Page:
The final section completes a natural progression from the third; that one focused on making babies, the final one focuses on raising them. Some of these seem a bit self-indulgent, with references that presumably hold more meaning for the poet than the reader. Still, the description is masterful. I suppose that’s no surprise. Olds specializes in focusing on the smallest but most telling details, and as a parent, she’s predisposed to notice the infinite minutiae that define her kids. Consider these lines from “When My Son is Sick”:

… his skin going
pale gold as cold butter and then
turning a little like rancid butter till the
freckles seem to spread, black little
islands of mold…

I could’ve selected any passage nearly at random and found similarly engaging language. That deft turn of phrase is what I love about Olds. Annoyingly, though, I was recently working on a poem and composed a phrase that seemed perfect and unique, and smiled at my good fortune to have discovered it. Then, in reading this book, I found the exact same phrase! Olds had beaten me to it!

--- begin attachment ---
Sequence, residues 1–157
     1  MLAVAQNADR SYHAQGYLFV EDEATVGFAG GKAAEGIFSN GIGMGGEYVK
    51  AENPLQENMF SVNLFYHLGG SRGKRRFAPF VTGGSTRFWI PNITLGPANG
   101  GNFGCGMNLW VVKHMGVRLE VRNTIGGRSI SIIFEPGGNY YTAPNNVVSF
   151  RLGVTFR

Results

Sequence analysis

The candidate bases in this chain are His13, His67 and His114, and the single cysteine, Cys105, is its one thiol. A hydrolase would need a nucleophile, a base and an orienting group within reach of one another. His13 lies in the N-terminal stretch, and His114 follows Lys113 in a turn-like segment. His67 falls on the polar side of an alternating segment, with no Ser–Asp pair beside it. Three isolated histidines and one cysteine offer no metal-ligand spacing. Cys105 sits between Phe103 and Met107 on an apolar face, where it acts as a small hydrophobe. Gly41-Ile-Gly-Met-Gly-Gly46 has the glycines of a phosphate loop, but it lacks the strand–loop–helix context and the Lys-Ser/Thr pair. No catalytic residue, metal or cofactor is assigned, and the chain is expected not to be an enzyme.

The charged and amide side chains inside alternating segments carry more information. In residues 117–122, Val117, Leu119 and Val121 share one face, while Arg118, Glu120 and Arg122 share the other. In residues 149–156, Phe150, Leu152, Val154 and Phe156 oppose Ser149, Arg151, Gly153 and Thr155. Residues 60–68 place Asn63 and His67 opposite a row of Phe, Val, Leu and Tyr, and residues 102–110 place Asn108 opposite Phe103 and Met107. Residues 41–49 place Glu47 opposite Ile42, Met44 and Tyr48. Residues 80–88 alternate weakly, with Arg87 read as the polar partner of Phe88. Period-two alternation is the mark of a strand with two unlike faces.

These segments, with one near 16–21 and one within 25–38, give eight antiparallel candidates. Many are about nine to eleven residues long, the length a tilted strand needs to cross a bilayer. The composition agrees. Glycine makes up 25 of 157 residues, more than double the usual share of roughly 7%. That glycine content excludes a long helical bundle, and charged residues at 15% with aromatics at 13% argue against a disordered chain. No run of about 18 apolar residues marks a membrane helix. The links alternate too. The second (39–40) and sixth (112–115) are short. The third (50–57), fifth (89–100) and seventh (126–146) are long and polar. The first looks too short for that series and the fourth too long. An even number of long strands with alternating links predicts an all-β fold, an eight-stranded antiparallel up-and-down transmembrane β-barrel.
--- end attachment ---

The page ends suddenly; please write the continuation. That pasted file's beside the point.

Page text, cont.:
If I have any gripes at all with this book, I would say that it might’ve been even more powerful if it had been a bit shorter. Perhaps some of the poems in the first or fourth sections could have been omitted—though it would, admittedly, be hard to choose which ones. And what about that title? Well, there is a poem entitled “In the Cell” but that doesn’t seem representative of the collection overall. The cover shows a snake curled around a gold circle that resembles the sun. So on the one hand, it conveys a sort of alchemist aesthetic; but on the whole, it looks rather like an ovum, a round human egg cell, which makes a lot more sense, given the focus of the poems.